Relating sediment impacts on coral reefs to watershed sources, processes and management: a review

Bartley, Rebecca, Bainbridge, Zoe T., Lewis, Stephen E., Kroon, Frederieke J., Wilkinson, Scott N., Brodie, Jon E., and Silburn, D. Mark (2014) Relating sediment impacts on coral reefs to watershed sources, processes and management: a review. Science of the Total Environment, 468-469. pp. 1138-1153.

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Abstract

Modification of terrestrial sediment fluxes can result in increased sedimentation and turbidity in receiving waters, with detrimental impacts on coral reef ecosystems. Preventing anthropogenic sediment reaching coral reefs requires a better understanding of the specific characteristics, sources and processes generating the anthropogenic sediment, so that effective watershed management strategies can be implemented. Here, we review and synthesise research on measured runoff, sediment erosion and sediment delivery from watersheds to near-shore marine areas, with a strong focus on the Burdekin watershed in the Great Barrier Reef region, Australia. We first investigate the characteristics of sediment that pose the greatest risk to coral reef ecosystems. Next we track this sediment back from the marine system into the watershed to determine the storage zones, source areas and processes responsible for sediment generation and run-off.

The review determined that only a small proportion of the sediment that has been eroded from the watershed makes it to the mid and outer reefs. The sediment transported > 1 km offshore is generally the clay to fine silt (< 4–16 μm) fraction, yet there is considerable potential for other terrestrially derived sediment fractions (< 63 μm) to be stored in the near-shore zone and remobilised during wind and tide driven re-suspension. The specific source of the fine clay sediments is still under investigation; however, the Bowen, Upper Burdekin and Lower Burdekin sub-watersheds appear to be the dominant source of the clay and fine silt fractions. Sub-surface erosion is the dominant process responsible for the fine sediment exported from these watersheds in recent times, although further work on the particle size of this material is required. Maintaining average minimum ground cover > 75% will likely be required to reduce runoff and prevent sub-soil erosion; however, it is not known whether ground cover management alone will reduce sediment supply to ecologically acceptable levels.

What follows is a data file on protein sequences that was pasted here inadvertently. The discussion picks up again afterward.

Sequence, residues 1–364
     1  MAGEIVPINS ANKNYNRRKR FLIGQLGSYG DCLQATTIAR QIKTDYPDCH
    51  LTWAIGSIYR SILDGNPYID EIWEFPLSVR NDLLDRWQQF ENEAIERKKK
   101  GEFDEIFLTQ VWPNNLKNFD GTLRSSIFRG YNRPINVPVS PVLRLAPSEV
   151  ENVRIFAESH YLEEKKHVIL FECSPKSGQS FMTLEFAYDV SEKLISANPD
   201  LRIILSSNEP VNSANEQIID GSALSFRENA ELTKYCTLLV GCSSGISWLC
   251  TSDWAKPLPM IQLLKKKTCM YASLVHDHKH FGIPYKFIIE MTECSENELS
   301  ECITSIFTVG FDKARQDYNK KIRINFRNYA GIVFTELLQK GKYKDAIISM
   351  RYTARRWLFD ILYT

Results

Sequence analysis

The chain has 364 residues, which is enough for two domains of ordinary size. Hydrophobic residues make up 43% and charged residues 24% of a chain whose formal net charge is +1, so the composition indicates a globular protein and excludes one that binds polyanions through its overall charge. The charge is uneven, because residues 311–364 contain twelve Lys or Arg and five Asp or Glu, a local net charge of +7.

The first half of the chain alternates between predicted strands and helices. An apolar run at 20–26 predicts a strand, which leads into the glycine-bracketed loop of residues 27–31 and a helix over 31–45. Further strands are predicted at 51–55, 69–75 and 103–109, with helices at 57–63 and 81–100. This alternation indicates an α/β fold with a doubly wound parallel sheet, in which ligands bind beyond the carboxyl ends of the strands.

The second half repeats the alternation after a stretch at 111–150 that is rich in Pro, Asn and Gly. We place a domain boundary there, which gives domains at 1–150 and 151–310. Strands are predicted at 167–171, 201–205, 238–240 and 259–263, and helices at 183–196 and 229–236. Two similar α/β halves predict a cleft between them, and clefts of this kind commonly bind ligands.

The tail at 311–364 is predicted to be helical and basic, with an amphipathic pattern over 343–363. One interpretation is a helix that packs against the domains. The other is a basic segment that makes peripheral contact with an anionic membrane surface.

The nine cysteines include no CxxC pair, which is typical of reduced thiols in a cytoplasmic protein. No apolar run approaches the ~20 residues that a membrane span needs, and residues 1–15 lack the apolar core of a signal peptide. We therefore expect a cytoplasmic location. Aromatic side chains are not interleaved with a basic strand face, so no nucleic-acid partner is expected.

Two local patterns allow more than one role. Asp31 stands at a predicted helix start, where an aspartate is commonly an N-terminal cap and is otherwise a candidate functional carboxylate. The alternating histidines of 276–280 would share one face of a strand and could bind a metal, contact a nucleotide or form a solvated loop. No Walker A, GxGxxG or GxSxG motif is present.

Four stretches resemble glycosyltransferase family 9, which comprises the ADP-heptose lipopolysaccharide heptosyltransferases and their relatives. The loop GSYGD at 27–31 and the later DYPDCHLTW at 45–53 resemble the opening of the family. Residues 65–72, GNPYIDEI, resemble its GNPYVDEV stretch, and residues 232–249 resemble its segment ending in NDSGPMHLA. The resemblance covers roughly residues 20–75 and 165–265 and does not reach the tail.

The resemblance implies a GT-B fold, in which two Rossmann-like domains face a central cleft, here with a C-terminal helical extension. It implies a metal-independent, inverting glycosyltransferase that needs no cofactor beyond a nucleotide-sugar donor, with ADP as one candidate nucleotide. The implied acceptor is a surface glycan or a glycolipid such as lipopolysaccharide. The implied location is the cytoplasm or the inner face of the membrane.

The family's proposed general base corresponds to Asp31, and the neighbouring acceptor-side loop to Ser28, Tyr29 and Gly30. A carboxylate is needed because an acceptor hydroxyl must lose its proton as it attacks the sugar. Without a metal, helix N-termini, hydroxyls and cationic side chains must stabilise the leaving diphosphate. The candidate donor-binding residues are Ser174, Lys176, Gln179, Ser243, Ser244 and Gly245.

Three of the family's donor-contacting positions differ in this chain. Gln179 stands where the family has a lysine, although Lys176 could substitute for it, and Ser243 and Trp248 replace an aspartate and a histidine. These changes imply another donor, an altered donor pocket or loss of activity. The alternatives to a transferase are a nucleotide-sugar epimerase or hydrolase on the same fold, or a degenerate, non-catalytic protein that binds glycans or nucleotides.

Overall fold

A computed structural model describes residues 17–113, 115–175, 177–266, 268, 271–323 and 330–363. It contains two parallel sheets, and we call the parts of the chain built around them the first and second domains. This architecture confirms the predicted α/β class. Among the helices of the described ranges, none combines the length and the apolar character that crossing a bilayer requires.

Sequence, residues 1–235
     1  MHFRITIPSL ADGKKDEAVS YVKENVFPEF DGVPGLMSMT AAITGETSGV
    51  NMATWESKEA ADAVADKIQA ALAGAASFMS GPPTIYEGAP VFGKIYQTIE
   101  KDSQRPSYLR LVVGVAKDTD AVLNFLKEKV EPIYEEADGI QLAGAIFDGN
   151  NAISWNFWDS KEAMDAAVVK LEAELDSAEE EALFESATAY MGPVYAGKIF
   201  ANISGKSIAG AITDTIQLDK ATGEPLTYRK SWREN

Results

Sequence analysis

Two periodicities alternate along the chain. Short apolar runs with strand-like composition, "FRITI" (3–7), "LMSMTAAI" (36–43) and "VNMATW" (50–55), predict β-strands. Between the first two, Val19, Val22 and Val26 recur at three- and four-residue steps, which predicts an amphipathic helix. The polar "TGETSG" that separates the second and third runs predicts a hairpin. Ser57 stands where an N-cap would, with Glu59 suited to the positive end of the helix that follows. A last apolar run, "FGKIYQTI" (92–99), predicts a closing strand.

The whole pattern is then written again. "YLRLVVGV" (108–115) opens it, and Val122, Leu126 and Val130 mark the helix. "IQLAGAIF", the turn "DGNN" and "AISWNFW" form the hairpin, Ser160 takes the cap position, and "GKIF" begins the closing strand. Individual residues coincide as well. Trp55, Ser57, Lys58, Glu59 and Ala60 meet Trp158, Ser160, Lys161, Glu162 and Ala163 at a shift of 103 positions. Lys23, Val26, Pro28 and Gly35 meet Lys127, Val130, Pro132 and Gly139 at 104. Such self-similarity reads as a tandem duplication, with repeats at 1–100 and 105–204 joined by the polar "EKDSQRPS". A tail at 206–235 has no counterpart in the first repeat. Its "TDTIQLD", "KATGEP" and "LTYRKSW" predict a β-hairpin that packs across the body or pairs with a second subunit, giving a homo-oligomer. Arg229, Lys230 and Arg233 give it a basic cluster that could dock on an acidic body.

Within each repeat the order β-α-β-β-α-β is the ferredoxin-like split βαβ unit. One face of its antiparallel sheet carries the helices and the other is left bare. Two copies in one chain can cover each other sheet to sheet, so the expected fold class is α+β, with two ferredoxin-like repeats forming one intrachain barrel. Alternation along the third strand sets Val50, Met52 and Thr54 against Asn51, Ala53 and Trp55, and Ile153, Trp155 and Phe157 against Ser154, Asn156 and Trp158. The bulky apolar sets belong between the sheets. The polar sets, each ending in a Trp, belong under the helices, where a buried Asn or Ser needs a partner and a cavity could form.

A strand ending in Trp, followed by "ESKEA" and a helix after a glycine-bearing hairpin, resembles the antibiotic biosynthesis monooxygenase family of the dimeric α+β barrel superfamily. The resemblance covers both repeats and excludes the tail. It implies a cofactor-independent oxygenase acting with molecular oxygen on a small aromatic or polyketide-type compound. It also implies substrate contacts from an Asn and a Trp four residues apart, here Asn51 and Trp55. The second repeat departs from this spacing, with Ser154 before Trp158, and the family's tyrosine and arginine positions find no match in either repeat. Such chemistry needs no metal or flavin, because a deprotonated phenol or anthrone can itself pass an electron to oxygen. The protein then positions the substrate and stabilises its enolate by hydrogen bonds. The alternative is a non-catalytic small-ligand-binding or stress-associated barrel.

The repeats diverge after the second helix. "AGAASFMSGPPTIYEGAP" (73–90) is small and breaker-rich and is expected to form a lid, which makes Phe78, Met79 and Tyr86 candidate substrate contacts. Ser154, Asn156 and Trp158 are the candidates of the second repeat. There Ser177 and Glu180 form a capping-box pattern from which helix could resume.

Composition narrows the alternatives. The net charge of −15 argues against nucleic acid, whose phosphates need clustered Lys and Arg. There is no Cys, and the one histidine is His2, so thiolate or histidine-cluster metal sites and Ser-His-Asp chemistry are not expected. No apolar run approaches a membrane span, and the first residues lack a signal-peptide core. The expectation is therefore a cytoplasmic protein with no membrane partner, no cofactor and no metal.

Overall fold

Item ID: 32093
Item Type: Article (Research - C1)
ISSN: 1879-1026
Keywords: Burdekin, Great Barrier Reef, land management, soil erosion, water quality
Funders: Queensland Department of Environment and Resource Management (Reef Policy Unit), CSIRO Water for a Healthy Country Flagship Program
Date Deposited: 19 Jun 2014 01:35
FoR Codes: 05 ENVIRONMENTAL SCIENCES > 0502 Environmental Science and Management > 050204 Environmental Impact Assessment @ 50%
05 ENVIRONMENTAL SCIENCES > 0502 Environmental Science and Management > 050209 Natural Resource Management @ 50%
SEO Codes: 96 ENVIRONMENT > 9605 Ecosystem Assessment and Management > 960504 Ecosystem Assessment and Management of Farmland, Arable Cropland and Permanent Cropland Environments @ 50%
96 ENVIRONMENT > 9605 Ecosystem Assessment and Management > 960507 Ecosystem Assessment and Management of Marine Environments @ 50%
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